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What is the Best Way to Kill Silverfish?

By Thomma Grindstaff
Updated May 16, 2024
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There are numerous ways to kill silverfish, including the use of boric acid and diatomaceous earth. Silverfish can be captured and killed using glasses wrapped in masking tape and filled with sugar water as bait. Another way to get rid of silverfish is to spray a mixture of bleach and water in the areas where they live or points where they access a home. The best way to control silverfish is to make one's home inhospitable to these insects.

Boric acid is an effective means of silverfish extermination, though it's a low-grade toxin. Children and pets must be kept away from areas in which boric acid is used. The powder should be sprinkled where silverfish have been noticed. Particular attention should be paid to areas where silverfish like to hide, such as under sinks and in cracks and crevices. More boric acid can be sprinkled every two weeks as needed to kill silverfish.

Another way to kill silverfish is to use food grade diatomaceous earth, a powder that is nontoxic to mammals but lethal to insects. Composed of the fossilized remains of phytoplankton, diatomaceous earth gets caught in the crevices of an insect's exoskeleton, and as the insect moves, the particles act like blades to slice it up. To control silverfish, diatomaceous earth should be placed in areas where silverfish have been noticed and where they can hide.

One can build a silverfish trap by filling a glass or a jar halfway with water, to which two or three teaspoons of sugar are added as bait. The glass or jar should be wrapped with masking tape so that silverfish can climb up the sides to access the sugar water. When the silverfish fall in, they will die because they cannot climb up the slick interior sides of the glass or jar to get out.

Bleach is an effective way to kill silverfish. A person can mix, in a spray bottle, one part bleach with two parts hot water. To get rid of silverfish, othe areas where they live and crevices in which they hide can be sprayed with the bleach and water mixture every two or three months. Another tip is to pour the mixture down drains to kill silverfish that may be crawling up pipes and seeking entry into a house.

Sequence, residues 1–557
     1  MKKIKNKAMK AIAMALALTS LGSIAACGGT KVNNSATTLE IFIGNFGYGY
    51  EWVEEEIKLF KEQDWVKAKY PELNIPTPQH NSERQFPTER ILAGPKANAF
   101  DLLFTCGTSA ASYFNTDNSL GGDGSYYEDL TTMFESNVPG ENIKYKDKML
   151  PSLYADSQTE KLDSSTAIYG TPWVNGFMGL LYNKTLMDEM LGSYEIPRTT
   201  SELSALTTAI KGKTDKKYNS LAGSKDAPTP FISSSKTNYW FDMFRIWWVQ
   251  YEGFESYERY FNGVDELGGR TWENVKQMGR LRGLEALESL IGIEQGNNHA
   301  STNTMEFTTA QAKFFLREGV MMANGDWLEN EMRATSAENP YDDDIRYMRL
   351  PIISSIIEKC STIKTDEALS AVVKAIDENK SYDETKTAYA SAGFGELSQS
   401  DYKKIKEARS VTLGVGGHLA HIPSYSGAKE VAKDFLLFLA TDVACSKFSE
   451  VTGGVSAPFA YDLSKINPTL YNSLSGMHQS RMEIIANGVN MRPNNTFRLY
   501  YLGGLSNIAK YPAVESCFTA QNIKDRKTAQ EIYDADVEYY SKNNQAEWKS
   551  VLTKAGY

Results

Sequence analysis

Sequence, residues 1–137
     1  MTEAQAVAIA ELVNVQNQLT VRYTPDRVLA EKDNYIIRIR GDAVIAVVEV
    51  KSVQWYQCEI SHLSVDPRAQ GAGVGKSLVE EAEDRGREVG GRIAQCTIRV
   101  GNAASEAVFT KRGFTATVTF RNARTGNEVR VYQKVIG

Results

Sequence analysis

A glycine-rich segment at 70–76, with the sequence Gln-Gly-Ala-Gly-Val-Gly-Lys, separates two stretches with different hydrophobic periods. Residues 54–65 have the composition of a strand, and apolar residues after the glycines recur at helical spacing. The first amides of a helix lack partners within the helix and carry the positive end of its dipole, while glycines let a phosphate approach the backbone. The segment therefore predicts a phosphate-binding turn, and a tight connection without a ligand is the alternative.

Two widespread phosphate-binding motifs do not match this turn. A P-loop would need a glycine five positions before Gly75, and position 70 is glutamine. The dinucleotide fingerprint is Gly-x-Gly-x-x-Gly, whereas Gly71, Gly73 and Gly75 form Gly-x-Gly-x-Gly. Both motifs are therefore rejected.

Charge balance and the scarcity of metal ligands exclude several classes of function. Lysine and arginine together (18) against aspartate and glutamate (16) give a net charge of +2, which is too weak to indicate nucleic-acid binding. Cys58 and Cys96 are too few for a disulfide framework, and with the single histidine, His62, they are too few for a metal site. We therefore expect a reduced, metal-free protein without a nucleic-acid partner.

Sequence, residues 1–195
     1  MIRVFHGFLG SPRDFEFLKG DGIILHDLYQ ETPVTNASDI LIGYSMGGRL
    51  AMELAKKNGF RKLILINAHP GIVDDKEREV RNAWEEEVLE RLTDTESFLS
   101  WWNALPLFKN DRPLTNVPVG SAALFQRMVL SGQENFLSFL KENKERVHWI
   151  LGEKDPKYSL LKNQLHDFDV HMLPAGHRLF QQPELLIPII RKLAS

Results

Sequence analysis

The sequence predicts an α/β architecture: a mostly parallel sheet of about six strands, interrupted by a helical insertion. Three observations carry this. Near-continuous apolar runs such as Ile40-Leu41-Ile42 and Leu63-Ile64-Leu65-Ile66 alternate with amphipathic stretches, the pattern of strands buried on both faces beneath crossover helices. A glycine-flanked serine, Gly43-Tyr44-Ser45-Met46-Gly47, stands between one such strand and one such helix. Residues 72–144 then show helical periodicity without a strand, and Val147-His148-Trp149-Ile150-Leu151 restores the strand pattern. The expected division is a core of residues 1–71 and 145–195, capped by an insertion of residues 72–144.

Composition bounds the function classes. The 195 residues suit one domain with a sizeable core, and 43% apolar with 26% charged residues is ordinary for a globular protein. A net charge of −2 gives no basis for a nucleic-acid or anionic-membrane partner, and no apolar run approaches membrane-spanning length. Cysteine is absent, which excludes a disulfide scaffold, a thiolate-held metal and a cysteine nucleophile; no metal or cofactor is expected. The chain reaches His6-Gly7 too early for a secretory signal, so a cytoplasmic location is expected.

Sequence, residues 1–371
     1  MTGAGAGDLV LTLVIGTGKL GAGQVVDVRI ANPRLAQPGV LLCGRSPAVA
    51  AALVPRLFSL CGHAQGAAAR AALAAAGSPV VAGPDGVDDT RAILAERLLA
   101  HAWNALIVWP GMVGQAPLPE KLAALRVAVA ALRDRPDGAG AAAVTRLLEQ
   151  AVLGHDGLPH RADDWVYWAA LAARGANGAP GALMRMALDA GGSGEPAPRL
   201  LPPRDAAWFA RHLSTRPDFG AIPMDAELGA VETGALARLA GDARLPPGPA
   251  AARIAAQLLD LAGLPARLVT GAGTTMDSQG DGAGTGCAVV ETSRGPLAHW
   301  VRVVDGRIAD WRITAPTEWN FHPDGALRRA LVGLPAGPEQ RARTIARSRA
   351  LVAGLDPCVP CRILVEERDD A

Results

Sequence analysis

The best way to control silverfish is to make a house as inaccessible and inhospitable to them as possible. Cracks in a home that allow them access must be sealed. Silverfish eat mold and mildew, which is made worse by moisture and humidity, so a home can be made less appealing for silverfish through the use of dehumidifiers and air conditioners. Large stacks of paper should be thrown away, since they are both a hiding place and a food source for silverfish. Salt and cloves, which silverfish try to avoid, can be placed in trouble spots or at access points to the home.

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Discussion Comments

By anon966307 — On Aug 19, 2014

DE is safe around pets *only* if you buy the food grade kind, and not the kind used in pools.

By anon353261 — On Oct 29, 2013

I use DE and it is absolutely safe, according to everything I have read. You do want to be sure to avoid getting it into your eyes, but it is the best non-toxic, chemical-free product I have found. We use it for flea control. It can be used effectively for any bug with an exoskeleton.

By fBoyle — On Oct 19, 2013

@burcidi-- Try wiping down drawers and walls with bleach and water. That's how I got rid of silverfish in my kitchen. Some people just squish them when they find them, but I can't do that. I don't know if exterminators deal with silverfish, but you could ask.

By fify — On Oct 19, 2013

@burcidi-- I've heard that children and pets should be kept away from diatomaceous earth. It might be dangerous if they consume any of it. You should only be using the food grade one, but still, keep children and pets away.

It takes a while to work, but the best method for getting rid of silverfish in my opinion is putting cloves or Epsom salt in areas where they hang out. Cloves and salt are absolutely safe and they're effective.

By burcidi — On Oct 19, 2013

There are a lot of silverfish at my house, particularly in the kitchen and bathroom. I see them in the bedroom sometimes too. The climate is very humid where we live. Even though I keep everything clean and dry, I can't seem to get rid of them.

I think I'm going to try diatomaceous earth. It sounds like a safe and effective method. Diatomaceous earth is safe for pets to be around right?

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